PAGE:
Puppies are born with a set of instincts. Nature gives your dog these instincts to help him survive in the wild. But certain behaviors that arise from these instincts are not suitable for your home. Although unsuitable, these behaviors are normal for your puppy.
Rough-and-tumble play provides part of a puppy’s learning experience. This typically manifests itself in play fighting. In a litter, pups wrestle each other. They learn boundaries and socialization this way. Once a pup is taken out of his litter, he’ll still have the instinct to instigate play fighting and will look for willing companions. If you have an older dog, he’s the most likely candidate. Unfortunately for your pup, the older dog will have long since grown out of play fighting and is unlikely to be a willing participant. No matter how annoying your pup’s advances are, remember that he is simply trying to learn.
Pups chew to explore. This habit becomes really pronounced at around 3 months old, as they begin to teethe. Dogs chew on anything during this period as they seek to relieve their gums of the ache caused by the growth of new teeth. Provide your pup with lots of chew toys to give him an outlet, otherwise he’ll direct his need to chew toward something less suitable.
You may notice when handling your pup that he tries to bite or nip your hand. This “mouthing,” not to be confused with acts of aggression, is a normal physical gesture between pups. It’s actually a sign of affection. Mouthing differs from aggression-based biting because it happens without the aggressive body language.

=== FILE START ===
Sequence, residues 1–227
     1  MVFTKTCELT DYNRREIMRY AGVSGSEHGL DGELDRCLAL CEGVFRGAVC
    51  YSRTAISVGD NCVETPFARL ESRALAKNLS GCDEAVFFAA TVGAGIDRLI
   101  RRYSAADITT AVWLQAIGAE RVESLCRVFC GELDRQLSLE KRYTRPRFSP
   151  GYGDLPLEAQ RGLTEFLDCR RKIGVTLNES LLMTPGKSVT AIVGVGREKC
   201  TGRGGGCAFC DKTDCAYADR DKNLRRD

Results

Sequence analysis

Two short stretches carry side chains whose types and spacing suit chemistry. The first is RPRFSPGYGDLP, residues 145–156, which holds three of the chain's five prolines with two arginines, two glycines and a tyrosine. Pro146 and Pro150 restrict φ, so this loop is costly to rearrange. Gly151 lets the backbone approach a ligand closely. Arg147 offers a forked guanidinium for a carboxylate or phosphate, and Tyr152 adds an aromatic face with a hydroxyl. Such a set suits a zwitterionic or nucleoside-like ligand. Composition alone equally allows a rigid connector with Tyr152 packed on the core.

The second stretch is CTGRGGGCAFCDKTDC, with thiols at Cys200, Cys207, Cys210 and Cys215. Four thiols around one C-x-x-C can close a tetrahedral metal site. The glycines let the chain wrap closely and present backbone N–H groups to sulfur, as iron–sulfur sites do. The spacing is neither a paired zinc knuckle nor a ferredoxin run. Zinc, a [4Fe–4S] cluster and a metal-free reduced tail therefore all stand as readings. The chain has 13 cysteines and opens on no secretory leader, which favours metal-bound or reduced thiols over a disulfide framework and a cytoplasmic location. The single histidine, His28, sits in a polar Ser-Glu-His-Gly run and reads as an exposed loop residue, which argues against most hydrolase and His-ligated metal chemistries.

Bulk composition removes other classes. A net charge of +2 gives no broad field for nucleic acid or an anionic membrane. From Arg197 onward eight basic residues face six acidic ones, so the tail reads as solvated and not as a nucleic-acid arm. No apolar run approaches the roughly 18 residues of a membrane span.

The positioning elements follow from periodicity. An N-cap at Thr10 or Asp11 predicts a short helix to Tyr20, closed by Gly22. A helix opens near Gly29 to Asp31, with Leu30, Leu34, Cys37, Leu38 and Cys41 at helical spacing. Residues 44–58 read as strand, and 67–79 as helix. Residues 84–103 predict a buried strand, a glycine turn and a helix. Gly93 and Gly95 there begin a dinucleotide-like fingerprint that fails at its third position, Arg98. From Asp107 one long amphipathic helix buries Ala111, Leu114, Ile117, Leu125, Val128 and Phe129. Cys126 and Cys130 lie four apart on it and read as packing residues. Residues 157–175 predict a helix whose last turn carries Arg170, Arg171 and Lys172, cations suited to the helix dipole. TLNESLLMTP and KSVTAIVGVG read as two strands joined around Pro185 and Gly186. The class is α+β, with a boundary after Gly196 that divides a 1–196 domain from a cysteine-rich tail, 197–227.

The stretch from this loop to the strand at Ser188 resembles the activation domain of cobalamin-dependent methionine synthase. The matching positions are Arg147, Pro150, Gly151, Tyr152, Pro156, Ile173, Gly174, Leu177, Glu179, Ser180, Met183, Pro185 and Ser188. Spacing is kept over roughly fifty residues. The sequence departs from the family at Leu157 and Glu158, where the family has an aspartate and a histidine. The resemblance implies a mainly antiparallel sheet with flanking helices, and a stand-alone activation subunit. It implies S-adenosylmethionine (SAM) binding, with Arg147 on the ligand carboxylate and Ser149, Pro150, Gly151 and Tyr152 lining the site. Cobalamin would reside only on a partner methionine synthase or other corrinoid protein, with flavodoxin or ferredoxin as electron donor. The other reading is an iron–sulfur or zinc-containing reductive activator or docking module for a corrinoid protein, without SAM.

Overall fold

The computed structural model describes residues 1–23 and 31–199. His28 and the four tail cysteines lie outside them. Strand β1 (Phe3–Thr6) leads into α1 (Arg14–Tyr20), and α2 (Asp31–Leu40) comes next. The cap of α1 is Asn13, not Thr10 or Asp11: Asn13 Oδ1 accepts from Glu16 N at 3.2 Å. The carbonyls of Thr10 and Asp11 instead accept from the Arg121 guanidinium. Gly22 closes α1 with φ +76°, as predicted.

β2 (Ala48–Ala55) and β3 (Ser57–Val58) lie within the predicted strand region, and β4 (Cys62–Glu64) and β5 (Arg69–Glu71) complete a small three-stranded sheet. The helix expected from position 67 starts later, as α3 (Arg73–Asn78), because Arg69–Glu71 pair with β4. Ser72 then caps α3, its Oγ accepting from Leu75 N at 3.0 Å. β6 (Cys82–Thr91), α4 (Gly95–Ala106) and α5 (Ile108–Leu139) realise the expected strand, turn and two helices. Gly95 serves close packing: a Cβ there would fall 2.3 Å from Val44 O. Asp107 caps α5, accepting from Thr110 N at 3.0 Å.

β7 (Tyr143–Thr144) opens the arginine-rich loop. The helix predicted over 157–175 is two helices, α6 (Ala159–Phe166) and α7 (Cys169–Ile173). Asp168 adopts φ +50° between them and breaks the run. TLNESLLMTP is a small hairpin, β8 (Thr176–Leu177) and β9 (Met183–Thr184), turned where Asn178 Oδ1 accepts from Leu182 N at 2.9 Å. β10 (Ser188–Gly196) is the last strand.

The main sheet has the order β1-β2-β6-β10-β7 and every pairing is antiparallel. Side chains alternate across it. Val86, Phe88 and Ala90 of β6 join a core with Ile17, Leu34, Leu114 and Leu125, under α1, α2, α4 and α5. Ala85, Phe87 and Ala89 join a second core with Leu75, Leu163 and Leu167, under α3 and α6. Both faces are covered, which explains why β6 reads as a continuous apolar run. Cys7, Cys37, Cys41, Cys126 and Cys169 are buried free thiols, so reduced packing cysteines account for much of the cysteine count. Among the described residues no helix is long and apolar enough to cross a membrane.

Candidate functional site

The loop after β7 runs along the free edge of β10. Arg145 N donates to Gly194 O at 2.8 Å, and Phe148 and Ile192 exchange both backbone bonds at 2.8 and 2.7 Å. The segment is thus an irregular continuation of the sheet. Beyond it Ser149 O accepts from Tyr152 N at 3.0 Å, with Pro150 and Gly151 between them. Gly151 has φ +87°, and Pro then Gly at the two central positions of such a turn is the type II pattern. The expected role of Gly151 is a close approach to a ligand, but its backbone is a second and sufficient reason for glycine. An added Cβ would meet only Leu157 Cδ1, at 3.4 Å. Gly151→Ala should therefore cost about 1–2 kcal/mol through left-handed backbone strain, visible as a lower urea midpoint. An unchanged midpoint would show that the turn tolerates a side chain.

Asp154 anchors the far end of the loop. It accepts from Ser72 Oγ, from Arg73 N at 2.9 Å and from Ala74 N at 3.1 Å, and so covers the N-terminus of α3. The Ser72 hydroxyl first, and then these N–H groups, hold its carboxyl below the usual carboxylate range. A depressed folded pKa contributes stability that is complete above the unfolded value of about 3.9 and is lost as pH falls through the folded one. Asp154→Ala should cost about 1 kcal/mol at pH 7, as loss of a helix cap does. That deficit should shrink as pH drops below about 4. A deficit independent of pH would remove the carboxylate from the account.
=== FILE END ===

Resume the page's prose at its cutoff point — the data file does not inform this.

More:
Dogs are hardwired to stick together. They’re pack animals, and their survival depends on them hunting and fighting off threats as a pack. Once a dog is isolated from his pack, his chances of survival in the wild go down. It’s therefore entirely understandable that your puppy freaks out if he thinks you’ve left him. So until he learns that when you go out, you always come back, he’ll whine and howl. This is his way of saying. “Hey, you forgot me, I’m over here!” It’s called separation anxiety.
Over time, your dog will learn that he’s never alone forever and you always come home. You can help him learn this sooner rather than later by introducing him to brief periods of isolation of no longer than five minutes, before leaving him for an entire morning or afternoon.
Dogs instinctively want to keep their den area clean. This is another wild instinct. A young dog’s bowel and bladder are not always as advanced as their instincts though, and accidents happen. Your dog may pace, circle, whine and scratch before he goes to the toilet. So look out for these signs and help him be in the right place at the right time for when he needs to go.
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